#9 Holiday Tips for Autism

The holiday time is already stressful and overwhelming; add a special needs child into the mix, and you’re at a whole other level.  We’ve collected our favorite holiday tips to help you through the season.  Remember each child is different, so what works for one child may not work for another, but definitely try as many as you can!  

  • take care of yourselfTake care of yourself first and foremost.  This one is across the board.  Take time to relax and decompress. Don’t create expectations for your holiday season, do what’s best for your family, just live in the present and enjoy the little moments. Don’t stress yourself out about the holiday season.  Your child will realize if you are stressed and they will feed off of your energy.  It won’t be a perfect holiday season; it never is, even in families with typically developing children.  Just enjoy the time with your family!
  • kid sunglassesSensory issues are one of the biggest problems for those with autism, especially during the holiday season. Everywhere we go there are more people, bright lights, loud noises, holiday smells, new foods, uncomfortable clothes and much more to overstimulate and overwhelm your autistic child.  Being aware of this can help you create a more pleasant holiday environment at home and prepare better for external holiday environments.  This may mean investing in some noise canceling headphones, or allowing your child to wear sunglasses inside. You might start listening to holiday music several weeks before the season, begin traveling to stores during busy times to prepare for the crowds, and practice wearing winter gear periodically throughout each day before its needed.
  • stuffed animalCreate a safe place for when your child is feeling overwhelmed.  This can be your child’s room at home, or ask to borrow a room in the host’s house.  This room should be quiet and have some of your child’s favorite things – a stuffed animal, blanket, and toys.  Be sure your child knows how to ask for a break when they need one.  This could also look like going outside and taking a walk.  
  • Stick to routines as best you can. There is already a lot of disruption in your child’s normal schedule since they are out of school, there are more events and parties, they see different people than usual, and their daily schedules are much more variable. Add visitors and gatherings at their home creates even more disruption.  Try to keep bedtime, meal time, nap time, quiet time, play time the same.  Consistency will help your child know what to expect.  
  • family photoPrepare your child for change. Visuals like a schedule, photos of past holidays & family members can help your child remember past holidays and know what to expect this holiday.  Use a visual schedule or calendar to count down until the holidays.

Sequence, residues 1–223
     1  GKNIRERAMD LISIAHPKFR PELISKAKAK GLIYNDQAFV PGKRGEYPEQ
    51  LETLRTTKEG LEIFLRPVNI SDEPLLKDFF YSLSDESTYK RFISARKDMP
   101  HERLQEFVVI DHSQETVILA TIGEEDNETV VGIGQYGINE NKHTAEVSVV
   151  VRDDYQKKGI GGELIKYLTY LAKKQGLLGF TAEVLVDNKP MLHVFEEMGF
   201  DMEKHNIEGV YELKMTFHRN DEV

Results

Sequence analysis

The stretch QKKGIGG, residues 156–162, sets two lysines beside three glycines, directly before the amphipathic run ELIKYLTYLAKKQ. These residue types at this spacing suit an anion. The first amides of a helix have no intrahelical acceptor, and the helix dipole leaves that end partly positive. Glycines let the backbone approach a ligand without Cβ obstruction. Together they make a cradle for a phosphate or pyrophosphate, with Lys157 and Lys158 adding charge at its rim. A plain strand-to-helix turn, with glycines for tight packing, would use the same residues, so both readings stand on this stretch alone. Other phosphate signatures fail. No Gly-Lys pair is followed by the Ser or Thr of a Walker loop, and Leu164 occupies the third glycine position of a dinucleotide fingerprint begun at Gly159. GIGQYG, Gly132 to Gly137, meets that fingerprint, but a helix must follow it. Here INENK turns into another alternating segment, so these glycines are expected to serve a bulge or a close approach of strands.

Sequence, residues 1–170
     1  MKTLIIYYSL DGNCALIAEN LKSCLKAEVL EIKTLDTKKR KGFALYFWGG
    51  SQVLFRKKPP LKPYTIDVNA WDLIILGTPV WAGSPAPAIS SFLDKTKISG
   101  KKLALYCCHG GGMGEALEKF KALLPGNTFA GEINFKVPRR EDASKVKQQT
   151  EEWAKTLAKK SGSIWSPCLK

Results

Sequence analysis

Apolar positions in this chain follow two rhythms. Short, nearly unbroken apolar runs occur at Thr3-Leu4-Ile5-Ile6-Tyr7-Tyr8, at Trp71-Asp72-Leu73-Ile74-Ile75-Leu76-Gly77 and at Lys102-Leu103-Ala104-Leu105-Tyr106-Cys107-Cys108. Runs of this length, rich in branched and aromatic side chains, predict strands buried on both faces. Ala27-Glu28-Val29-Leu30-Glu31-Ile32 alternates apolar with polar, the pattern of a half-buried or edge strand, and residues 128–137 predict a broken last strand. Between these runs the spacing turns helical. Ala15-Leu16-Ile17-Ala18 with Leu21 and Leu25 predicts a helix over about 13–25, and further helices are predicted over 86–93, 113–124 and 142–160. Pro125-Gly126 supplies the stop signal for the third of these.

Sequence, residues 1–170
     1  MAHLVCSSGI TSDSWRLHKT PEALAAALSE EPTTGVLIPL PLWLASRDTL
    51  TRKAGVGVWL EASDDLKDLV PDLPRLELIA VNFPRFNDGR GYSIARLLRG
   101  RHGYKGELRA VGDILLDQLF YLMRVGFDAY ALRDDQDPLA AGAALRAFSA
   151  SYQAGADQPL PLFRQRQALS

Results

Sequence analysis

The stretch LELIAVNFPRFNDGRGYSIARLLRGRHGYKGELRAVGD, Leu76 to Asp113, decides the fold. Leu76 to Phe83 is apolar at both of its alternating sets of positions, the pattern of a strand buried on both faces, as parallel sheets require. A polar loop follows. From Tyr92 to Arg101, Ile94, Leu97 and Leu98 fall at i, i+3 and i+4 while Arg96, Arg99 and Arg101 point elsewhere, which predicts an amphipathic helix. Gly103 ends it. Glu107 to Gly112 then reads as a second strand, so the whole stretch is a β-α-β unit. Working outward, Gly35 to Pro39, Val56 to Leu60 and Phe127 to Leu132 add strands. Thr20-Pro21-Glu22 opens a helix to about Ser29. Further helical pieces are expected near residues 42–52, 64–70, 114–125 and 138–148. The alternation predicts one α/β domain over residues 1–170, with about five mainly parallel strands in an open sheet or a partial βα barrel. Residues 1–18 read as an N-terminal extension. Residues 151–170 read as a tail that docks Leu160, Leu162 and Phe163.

• Decorations with flashing lights, unusual textures or loud noises can be overstimulating.  One option is to take your child to the store and see what decorations they are drawn to and what they avoid.  Gradually put up and take down decorations because many kids with autism dislike change in their environment.  Engage your kid by letting them help decorate.  
  • let me explainExplain your child’s needs to family and friends.  Tell them their triggers, problem behavior, and how to react.  Tell them what overstimulation looks like and when you need to intervene.  Have a calming plan in place, and share that with your relatives as well.  Give them 3 tips on how to interact with your child.  For example, they don’t like to be hugged, they’re wearing headphones because it is too loud for them they’re not to be rude, and they like to play with their blocks the most.  
  • Minimize unnecessary surprises.  Begin telling your child about what to expect during the holiday season early on.  Give plenty of notice before transition times.  For example, let your child know 10-15 minutes before it is time to eat dinner or open gifts, or before it is time to leave.  
  • whats in your tool boxYour ABA tools can come in handy like visual schedules, first then boards, token boards, pairing and timers.  Check out blog #3 for an in-depth discussion of these tools and more.
  • Don’t forget about your children without special needs.  The holiday season shouldn’t be consumed with making only your special needs child’s experience joyful.  The rest of the family deserves this as well.  Create new traditions that everyone in the family enjoys.  Take each kid out for some special one-on-one time.  
  • giftsPractice gift opening.  Gift giving can create problem behaviors in your children.  It is important to practice waiting, taking turns, saying thank you, opening gifts, not opening gifts, not taking others’ gifts, and reacting when someone takes your gift.  Practicing this ahead of time will help the actual gift-giving go smoother.  
  • Praise and reward your child for good behaviors.  This is important so they know that they are doing what you want them to be doing.  Don’t lose sight of this during the holiday season when there is a lot more going on; it’s especially important to communicate expectations and celebrate your child’s successes! 
  • child eatingLet your child eat before the family meal.  They can have picky palettes or may be too overstimulated to eat.  Don’t force your child to try everything or eat with the family. It is important to stick to routines like mealtime.  Another option is to bring a dish to share that you know your child will like.   
  • Less is more sometimes – shorter visits, fewer outings, less decorations, less food options, less gifts to open.  Space out holiday visits so they are not all in one day, or back-to-back. less is more

We hope these holiday tips will help you out this season.  And remember, everything will be ok! 

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